Two parallel missing person searches hurtle from New York to Italy in Paris Revieweditor Rich's surreal debut. Eugene Brentani, avoiding his lonely father and Sutton Place upbringing just after college, ends up in far Northern Manhattan working for Abraham Chisholm, the biographer of Connie Eakins-the author on whom Eugene wrote his college thesis. Abraham's lovely daughter, Sonia, goes missing in Italy while searching for the presumed-dead Eakins; Eugene, who met Sonia in New York and fell instantly in love with her, jumps at the opportunity to retrieve her. Once in Milan, Eugene finds danger lurking around every corner. Alternating chapters tell of elderly New York widower Mr. Schmitz (as he's called throughout), whose friend Rutherford has left for Italy, and whose letters from there are troubling. Mr. Schmitz sets off for Milan, partially to help Rutherford reclaim the Italy the two men knew as WWII soldiers. Rich seems as interested in exploring different forms of miscommunication as in developing character and plot, and the two central mysteries, both centering on books and story-telling, have a distinctly Borgesian flavor to them. Rich is an impressive stylist, but this debut's whole ends up less than the sum of its disparate parts, which a surprise ending fails to unify. (Apr.)

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Kirkus Reviews
A loopy play on literary life from Paris Review editor Rich. Constance Eakins, "a colossus of the last American century," was, before his death at 82, ferociously at work on The Mayor's Tongue, the 26th tome in an august career highlighted by his major trilogy, The Slayed, The Slaying and The Slaughter, just released by Modern Library, with a foreword by the esteemed Director of the Eakins Center at Yale. This kind of bogus pomposity plainly delights the author. The book of the title-and the mayor-and the tongue-are largely mythic, part of the strange quest of white-haired, book-mad Chisholm, Eakins's fiercest fan. A recent emigre from the Dominican Republic, Alvaro, a former furniture mover, is commissioned to catalogue all of Chisholm's Eakinsiana, for him an oddly delicate pursuit. Alvaro's tale, including his attempt to have his own literary opus translated, despite his translator's total ignorance of Alvaro's Dominican dialect, alternates chapters with the tale of two congenial and truly odd oldsters, Mr. Schmitz and Rutherford. Schmitz's beloved wife Agnes is nearing death and, desperate for Rutherford's solace, Schmitz hunts him everywhere. But, after the pair's long conversations-highlights include the fact that "Ferrara" is the most difficult Italian city name to pronounce-Rutherford vanishes. The novel's narratives play off each other, offering literary allusions to H.L. Mencken, Simone de Beauvoir and Yasunari Kawabata. A debut novel that will appeal most to punch-drunk bibliophiles. Agent: Elyse Cheney/Elyse Cheney Agency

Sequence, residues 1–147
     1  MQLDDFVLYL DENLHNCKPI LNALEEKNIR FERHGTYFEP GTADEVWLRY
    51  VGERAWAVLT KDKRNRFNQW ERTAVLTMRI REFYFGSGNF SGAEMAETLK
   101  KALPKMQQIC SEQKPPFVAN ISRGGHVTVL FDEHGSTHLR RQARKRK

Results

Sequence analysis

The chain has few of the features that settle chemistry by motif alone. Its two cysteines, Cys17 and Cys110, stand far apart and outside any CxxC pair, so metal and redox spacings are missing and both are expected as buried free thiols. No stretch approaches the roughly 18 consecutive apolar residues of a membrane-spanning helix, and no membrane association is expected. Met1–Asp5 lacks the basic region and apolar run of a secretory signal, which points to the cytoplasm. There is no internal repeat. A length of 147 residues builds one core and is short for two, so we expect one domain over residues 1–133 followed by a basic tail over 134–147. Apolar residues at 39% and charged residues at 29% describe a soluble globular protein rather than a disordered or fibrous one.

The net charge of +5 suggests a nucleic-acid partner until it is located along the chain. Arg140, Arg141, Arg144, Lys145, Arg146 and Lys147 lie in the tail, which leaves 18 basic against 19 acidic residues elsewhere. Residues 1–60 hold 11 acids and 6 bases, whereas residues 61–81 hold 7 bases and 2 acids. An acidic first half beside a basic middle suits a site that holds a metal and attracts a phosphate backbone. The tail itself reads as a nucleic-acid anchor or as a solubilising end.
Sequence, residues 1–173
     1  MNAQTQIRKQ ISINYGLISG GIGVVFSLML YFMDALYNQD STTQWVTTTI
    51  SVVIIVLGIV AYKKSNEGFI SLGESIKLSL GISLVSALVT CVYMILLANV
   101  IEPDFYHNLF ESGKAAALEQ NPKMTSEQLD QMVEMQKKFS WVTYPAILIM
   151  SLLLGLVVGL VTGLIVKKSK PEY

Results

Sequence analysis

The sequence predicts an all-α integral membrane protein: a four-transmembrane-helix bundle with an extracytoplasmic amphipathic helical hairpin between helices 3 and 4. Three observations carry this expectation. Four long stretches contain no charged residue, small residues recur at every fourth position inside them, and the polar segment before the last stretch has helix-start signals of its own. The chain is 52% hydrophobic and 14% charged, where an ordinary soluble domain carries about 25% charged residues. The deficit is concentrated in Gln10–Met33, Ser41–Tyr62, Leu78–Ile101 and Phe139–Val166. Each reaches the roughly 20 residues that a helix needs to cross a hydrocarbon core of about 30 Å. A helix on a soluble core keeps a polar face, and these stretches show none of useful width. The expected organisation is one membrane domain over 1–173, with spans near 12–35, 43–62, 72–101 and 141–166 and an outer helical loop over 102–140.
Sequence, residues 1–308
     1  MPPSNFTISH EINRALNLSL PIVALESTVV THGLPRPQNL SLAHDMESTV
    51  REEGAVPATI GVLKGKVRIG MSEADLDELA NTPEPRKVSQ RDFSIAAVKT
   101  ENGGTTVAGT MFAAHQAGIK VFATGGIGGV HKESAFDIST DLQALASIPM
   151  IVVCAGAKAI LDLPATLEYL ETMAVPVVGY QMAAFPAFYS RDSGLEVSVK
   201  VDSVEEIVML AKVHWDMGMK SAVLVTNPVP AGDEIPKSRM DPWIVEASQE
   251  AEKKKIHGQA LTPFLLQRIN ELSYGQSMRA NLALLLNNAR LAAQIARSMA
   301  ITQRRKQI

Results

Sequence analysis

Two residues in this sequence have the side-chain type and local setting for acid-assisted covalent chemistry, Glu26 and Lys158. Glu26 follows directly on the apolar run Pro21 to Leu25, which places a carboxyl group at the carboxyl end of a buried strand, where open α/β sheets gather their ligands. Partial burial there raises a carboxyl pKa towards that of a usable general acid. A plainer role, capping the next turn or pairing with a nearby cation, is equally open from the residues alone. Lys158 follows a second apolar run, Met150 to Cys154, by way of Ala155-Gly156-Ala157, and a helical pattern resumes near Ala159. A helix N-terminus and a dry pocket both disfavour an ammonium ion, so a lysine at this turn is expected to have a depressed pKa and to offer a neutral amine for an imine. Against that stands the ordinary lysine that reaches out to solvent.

Product Details

Penguin Group (USA)
Publication date:
Product dimensions:
5.76(w) x 8.50(h) x 1.08(d)
Age Range:
18 - 14 Years

Meet the Author

Nathaniel Rich has published essays and criticism in The New York Review of Books, Vanity Fair, The New York Times Book Review, The Los Angeles Times Book Review, The Nation, The New Republic, and Slate. He is an editor at The Paris Review.

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Mayor's Tongue 1 out of 5 based on 0 ratings. 1 reviews.
Overby More than 1 year ago
I struggled to get past 50 pages...this book is unbelievably tedious and boring and with no visible plot. But that's okay, because it's full of completely unlikable characters you don't want to read about anyway.